My kid will only eat three things: macaroni and cheese, a baked potato with cheese, and cream cheese sandwiches (Philadelphia brand only). I’ve tried everything. Now I’ve given up and I just make him separate meals for the sake of my own sanity. Is this really bad? Will he grow out of it?
—Eat Your Greens
Dear Eat Your Greens,
If your kid grows up to be a picky eater, he’ll have to worry about more than just vitamin deficiencies. A dinner invitation will become a source of shame and fear. He’ll have to figure out how to politely tell his host about all the foods on his “no” list. Or else he’ll have to become skilled at choking down foods he doesn’t like. And Chowhounds may find it very difficult to date him, marry him, or even be his friend.
Luckily, just because a kid is picky doesn’t mean he’ll necessarily be a picky adult. All omnivores, even rats, are reluctant to try new things, says Leann Birch, a professor of human development at Pennsylvania State University. While people are born liking sweet foods, it’s natural for them to shrink from things like spinach. “Sour and bitter tastes signal there are potential toxins,” Birch says. Eventually, most people learn to override their childhood aversions and appreciate all kinds of things, like pickles, arugula, or vodka. You’ll just want to give your child a gentle nudge into more adventurous eating.
How to do so? It’s no longer in vogue to bargain with your kid, telling him he can have an Oreo if he finishes his broccoli. Forcing your kid to choke down all of his greens will send the message that veggies are just a means to an end, rather than something that might actually be enjoyable. Also, “[c]oaching them to eat when they’re not hungry might have other negative outcomes,” says Birch. In other words, your child could grow up with weight and overeating issues.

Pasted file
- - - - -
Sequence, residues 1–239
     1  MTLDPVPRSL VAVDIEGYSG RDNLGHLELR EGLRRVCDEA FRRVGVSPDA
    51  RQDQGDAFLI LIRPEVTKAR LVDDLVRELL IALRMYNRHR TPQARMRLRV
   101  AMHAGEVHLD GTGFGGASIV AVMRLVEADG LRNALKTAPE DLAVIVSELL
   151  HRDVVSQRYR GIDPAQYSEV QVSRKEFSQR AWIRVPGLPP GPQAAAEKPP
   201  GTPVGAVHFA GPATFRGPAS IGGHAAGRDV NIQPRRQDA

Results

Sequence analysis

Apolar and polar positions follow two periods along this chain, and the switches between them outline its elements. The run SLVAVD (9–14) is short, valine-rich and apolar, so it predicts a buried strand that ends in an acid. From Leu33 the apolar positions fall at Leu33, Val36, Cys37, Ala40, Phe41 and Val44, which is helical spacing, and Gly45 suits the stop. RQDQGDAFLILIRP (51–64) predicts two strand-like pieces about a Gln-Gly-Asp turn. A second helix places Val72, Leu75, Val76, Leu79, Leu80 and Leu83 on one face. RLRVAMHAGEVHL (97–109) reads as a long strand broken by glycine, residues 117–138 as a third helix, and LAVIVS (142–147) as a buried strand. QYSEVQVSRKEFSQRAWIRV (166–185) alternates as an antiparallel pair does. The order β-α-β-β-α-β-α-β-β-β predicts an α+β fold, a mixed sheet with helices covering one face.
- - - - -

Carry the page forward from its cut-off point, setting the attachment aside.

And yet the last thing you want to do is give up and cater to your child’s every whim. According to Birch’s research, preschool kids need at least five exposures to a new food before they’ll eat it. Exposure doesn’t mean they have to eat their entire portion. “Just ask them to take a small taste … they have to put it in their mouth, they can’t just smell it. But they can spit it out if they don’t like it.” The more familiar kids are with kale, the more likely they’ll be to try it again—either as a child or a grown-up—and like it.
The important thing—and here’s where it gets tricky—is you need to strike a balance between persuasive and argumentative. Although small children are more willing to try new foods, by the time they hit the age of two, saying no to Mommy and Daddy is their way of asserting independence. You don’t want to signal to them that trying broccoli is massively important to you, or they may decide to make avoiding broccoli a defining feature of their personality.
Also, know that kids often model their behavior on that of adults. “The epidemiological literature says that by 15 months the most commonly consumed vegetable is french fries,” says Birch. That’s because the parents are eating like kids, and the kids are copying them. By that same token, having a family meal together, where the kids see you eating varied things, can inspire them to do the same. That just might mean you’ll have to eat dinner before the sun goes down.